How to Protect Your Knee While Running on a Treadmill

Firstly, running is a high-impact activity, and secondly, running on a treadmill is different from running outside on the park/road.

If individuals don’t understand this difference and don’t take extra care to stay safe from injury, they can hurt themselves badly.

Given here are some tips to protect your knees from further pain aggravation while running on a treadmill. Posture is of utmost importance while running on a treadmill, as this helps in muscle conditioning.

Rather than forcing yourself into a specific posture, try to stay in a natural position, making sure that your joints are not overextended or stressed too much.

For those of you who wonder how different is a treadmill surface compared to the ground surface, here is the answer to your lingering doubt—the treadmill surface is very flat, which is not so good for the legs and feet.

When there is a 3% inclination on the treadmill, it becomes as good as running on the outside ground surface and helps protect your knees and joints from injury.

Running on a treadmill with zero inclination causes pain and muscle strain for the runner’s knees and feet.

This is mainly because the individuals run with the knees in an extremely straight position instead of slightly bent. In such a position, the knees cannot absorb shock properly.

It is better to use a treadmill without any motor to mimic the same experience as running on the ground.

Also, never hold onto the bars in the front of the treadmill or even the side railings as these can interrupt the balance and cause the runner to fall/stumble as he/she gains momentum.

Besides sticking to the right posture, also ensure that you take short and quick strides to experience minimal impact on the legs.

Never push yourself any further than what your body can handle, as this can aggravate knee injuries. Keep an eye on any indication given by your body, and act accordingly.

Above all, wear good-quality shoes that fit properly, absorb shock, and are specifically designed for running purposes.

Elliptical vs Treadmill: Which Is Best for Bad Knees?

When it comes to choosing between an elliptical and a treadmill for someone with bad knees, the elliptical is generally considered the better option. Here’s why:

  1. Low Impact: Ellipticals are designed to provide a low-impact workout, which means they put less stress on the knees compared to the high-impact nature of running on a treadmill.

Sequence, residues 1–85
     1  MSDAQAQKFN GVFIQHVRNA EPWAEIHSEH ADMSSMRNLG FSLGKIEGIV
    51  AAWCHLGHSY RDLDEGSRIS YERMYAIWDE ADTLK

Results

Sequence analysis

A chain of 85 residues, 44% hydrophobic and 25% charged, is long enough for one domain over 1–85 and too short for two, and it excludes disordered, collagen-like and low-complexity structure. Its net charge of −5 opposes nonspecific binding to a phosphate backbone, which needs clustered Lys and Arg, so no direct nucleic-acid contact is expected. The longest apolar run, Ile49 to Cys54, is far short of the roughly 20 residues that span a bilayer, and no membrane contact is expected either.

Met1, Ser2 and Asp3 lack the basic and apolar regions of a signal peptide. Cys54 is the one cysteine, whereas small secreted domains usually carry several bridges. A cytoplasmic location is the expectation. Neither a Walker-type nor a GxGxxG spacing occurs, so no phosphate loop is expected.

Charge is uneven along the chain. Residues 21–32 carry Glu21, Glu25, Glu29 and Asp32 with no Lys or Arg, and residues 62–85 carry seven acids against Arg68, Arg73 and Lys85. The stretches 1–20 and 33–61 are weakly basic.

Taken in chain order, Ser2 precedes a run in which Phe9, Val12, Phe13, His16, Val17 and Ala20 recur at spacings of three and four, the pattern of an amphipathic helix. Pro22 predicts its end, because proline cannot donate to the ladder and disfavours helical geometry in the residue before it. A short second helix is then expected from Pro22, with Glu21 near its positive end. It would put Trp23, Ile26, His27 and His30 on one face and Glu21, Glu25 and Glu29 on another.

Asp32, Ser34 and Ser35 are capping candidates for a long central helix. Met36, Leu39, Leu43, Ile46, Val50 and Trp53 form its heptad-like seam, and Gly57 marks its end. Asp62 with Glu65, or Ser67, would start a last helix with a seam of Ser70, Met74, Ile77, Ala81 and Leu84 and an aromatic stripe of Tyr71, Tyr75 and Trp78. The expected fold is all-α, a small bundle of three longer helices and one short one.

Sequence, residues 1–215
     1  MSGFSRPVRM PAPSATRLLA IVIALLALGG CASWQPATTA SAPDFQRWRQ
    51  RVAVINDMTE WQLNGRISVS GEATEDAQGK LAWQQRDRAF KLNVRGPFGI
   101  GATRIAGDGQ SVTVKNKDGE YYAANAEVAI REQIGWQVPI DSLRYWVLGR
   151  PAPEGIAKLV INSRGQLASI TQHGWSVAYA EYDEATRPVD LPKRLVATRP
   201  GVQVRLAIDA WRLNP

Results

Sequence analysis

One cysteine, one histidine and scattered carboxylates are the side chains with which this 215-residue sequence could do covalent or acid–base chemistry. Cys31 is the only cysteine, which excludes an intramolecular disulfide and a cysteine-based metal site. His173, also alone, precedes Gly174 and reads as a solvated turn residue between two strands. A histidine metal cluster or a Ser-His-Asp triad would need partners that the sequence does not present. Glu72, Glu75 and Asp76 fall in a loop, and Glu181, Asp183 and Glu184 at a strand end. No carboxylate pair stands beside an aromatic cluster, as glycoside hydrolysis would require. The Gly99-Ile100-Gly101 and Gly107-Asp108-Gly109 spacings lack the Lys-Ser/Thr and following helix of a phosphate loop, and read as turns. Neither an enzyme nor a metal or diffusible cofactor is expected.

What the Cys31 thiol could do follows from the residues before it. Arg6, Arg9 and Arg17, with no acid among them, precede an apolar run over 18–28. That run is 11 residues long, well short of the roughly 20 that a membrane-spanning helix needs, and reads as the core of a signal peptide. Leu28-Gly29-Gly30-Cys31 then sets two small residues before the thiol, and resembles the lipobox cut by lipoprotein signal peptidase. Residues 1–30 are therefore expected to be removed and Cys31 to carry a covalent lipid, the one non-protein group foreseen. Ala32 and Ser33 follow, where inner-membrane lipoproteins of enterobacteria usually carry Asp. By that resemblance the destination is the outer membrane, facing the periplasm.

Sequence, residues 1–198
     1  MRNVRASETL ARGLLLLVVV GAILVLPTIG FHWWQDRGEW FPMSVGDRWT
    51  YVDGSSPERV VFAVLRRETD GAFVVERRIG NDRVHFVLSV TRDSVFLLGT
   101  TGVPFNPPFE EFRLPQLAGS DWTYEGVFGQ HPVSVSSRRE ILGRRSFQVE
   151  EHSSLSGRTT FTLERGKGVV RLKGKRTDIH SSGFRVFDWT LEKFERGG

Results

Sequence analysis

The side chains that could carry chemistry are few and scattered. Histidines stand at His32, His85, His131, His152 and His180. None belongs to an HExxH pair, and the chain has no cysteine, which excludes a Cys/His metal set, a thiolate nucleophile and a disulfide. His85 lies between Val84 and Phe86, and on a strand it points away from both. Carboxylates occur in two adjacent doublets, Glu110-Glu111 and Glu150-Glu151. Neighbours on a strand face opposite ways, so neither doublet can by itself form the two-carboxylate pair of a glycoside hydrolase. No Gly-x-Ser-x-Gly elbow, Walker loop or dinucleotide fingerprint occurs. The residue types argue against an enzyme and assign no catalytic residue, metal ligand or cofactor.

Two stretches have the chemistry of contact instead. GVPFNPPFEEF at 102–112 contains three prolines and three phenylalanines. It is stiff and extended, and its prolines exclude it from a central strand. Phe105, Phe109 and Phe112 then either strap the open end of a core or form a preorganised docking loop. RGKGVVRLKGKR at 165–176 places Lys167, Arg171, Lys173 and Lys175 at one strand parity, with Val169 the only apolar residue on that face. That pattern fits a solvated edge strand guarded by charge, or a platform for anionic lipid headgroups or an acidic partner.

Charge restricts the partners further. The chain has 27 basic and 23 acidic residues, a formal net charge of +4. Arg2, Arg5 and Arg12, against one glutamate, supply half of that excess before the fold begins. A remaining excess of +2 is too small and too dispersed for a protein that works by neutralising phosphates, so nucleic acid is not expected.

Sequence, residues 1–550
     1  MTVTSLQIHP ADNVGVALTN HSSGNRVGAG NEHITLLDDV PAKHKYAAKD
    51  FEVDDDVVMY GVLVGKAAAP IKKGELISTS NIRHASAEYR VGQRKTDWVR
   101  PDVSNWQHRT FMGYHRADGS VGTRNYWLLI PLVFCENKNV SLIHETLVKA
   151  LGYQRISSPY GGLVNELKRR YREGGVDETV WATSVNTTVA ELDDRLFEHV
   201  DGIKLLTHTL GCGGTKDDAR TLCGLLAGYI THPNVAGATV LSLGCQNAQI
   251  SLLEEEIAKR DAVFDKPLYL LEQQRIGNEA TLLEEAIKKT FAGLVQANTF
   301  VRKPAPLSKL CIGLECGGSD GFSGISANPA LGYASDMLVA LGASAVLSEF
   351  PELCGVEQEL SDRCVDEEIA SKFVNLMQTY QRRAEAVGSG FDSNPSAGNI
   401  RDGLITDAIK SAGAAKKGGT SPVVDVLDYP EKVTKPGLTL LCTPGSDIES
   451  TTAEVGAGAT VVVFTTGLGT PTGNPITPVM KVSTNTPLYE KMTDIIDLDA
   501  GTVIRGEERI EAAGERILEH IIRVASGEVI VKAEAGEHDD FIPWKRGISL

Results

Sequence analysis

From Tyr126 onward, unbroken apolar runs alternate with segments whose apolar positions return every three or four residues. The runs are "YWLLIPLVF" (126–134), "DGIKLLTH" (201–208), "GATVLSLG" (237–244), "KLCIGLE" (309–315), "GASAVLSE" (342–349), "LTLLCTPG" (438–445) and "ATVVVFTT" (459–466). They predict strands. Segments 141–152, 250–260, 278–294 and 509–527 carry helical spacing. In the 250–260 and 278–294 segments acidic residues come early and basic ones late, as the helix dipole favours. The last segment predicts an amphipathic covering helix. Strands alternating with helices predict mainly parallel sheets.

2. Natural Movement: The elliptical mimics the natural movement of the foot, leg, and hip during walking or running, but without the harsh impact of the foot striking the ground as it does on a treadmill.
  3. Weight Distribution: On an elliptical, your weight is evenly distributed, which helps in reducing the pressure on your knees and joints.

This article will help you better understand the advantages and disadvantages of these two machines for people with knee problems.

Personal preference, fitness goals, and specific knee issues can influence your choice. For instance, if you are training for a running event, a treadmill might be necessary despite its higher impact, but with careful and limited use.

Final Words

One is forced to use a treadmill for walking, jogging, or running when the weather is bad outside or cannot move out of the house due to various reasons.

Low-impact cardio workouts benefit people with bad knees. It strengthens the muscles around the knee, increases blood flow to the cartilage, and even increases the chances of weight loss, thereby reducing stress on the knees.

Running on the treadmill, especially when you suffer from bad knee problems, must be done with utmost caution.

You should consult a professional before making any decision. Go for a model that has an optimal cushioning option, inclination levels, and speed.

Never overstrain trying to achieve better bone health, as this could only lead to further damage to your knees/joints. Before starting to work out, always get in touch with your physician and get his/her approval.